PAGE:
Le Circuit de Reims-Gueux

Thursday, 21st April 2011 by

First used in 1926, le Circuit de Reims-Gueux was a French Formula One and sports car racing circuit built on the public roads between the villages of Gueux and Thillois. The circuit hosted its first French Grand Prix in 1932 and continued to hold the event until 1966. The track closed for good in 1972, but the roads are still in place, and many traces of the old circuit can still be found.

The track existed in two clockwise configurations (pre-1952 in blue and post-1952 in red), both around 5 miles (8 km) in length.

Cars reached death-defying speeds on the two long straights that formed the backbone of the track. The start-finish straight ran directly between the two villages, where the seating areas and pit stalls stand lonesome to this day. Even the old parking slots behind the pit can still be seen.

Every day, drivers commuting home from Reims recreate the feeling of blaring down the straight across the start-finish line past the paddock.

The main seating area, the Tribune Raymond Sommer, still fronts the roadway, with the old adverts painted on the wall fading away but still visible. At the far end of the bleachers, the old retaining walls remain, slowly being overtaken by weeds and grasses.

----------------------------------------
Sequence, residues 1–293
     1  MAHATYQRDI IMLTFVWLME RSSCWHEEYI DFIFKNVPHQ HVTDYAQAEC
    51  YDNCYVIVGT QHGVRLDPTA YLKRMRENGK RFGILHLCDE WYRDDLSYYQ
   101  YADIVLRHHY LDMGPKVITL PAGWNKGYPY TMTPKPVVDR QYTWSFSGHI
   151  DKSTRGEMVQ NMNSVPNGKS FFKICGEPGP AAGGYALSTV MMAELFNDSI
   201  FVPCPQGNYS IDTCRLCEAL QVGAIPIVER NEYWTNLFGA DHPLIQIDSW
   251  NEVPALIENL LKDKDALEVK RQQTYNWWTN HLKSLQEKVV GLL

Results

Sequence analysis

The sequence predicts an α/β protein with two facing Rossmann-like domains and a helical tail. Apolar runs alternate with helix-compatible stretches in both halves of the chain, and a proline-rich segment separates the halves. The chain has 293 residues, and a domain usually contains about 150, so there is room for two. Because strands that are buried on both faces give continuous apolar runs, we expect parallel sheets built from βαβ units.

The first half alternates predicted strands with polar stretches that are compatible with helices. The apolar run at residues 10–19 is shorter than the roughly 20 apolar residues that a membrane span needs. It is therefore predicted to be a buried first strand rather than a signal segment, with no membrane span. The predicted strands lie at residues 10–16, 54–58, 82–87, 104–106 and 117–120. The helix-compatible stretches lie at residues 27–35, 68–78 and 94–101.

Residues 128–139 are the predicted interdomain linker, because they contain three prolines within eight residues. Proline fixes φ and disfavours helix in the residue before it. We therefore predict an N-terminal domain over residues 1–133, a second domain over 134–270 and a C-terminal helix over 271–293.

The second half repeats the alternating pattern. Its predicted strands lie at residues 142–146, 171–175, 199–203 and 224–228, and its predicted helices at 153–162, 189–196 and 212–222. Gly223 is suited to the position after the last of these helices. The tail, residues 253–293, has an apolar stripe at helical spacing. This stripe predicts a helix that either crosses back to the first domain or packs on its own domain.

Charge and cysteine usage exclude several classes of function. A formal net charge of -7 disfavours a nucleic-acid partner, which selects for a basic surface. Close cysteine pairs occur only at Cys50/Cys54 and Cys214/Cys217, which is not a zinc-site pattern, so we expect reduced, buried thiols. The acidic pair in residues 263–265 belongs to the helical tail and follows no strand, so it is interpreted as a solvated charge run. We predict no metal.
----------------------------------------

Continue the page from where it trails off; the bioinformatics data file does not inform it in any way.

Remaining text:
Further down the straight toward Thillois, the Pavillon André Lambert stands lonely in the picturesque countryside. These historic buildings attract photographers, vintage race car owners, and sightseers such as this man walking down the roadway to visit the pit stalls.

On the north side of the circuit, much of the original road has been expanded to expressway standard. The old track is still visible running parallel to the roadway. In fact, the retaining barrier can still be seen if you look closely.

The only truly abandoned section of track is the old Viragade de Muizon hairpin turn. The line it cut through this farmer's field can still plainly be seen. The Street View car even drove right up to the dead end, where the field is slowly reclaiming the track in the name of agriculture.

The hairpin was built in 1952 as part of the track realignment designed to bypass Gueux. Previous to that, cars had to race through the streets of the town, where trees and buildings had to be removed to widen the track. Drivers paying too much attention to the scenery were treated to charming village views such as this shot of the historic Gueux Church (and then probably immediately crashed into the roundabout).

While much of the original infrastructure has been removed, the remaining buildings are slowly being restored. Since Street View visited the old circuit, the buildings have been repainted and even the old adverts have been restored, a fitting tribute to the golden age of Formula One racing.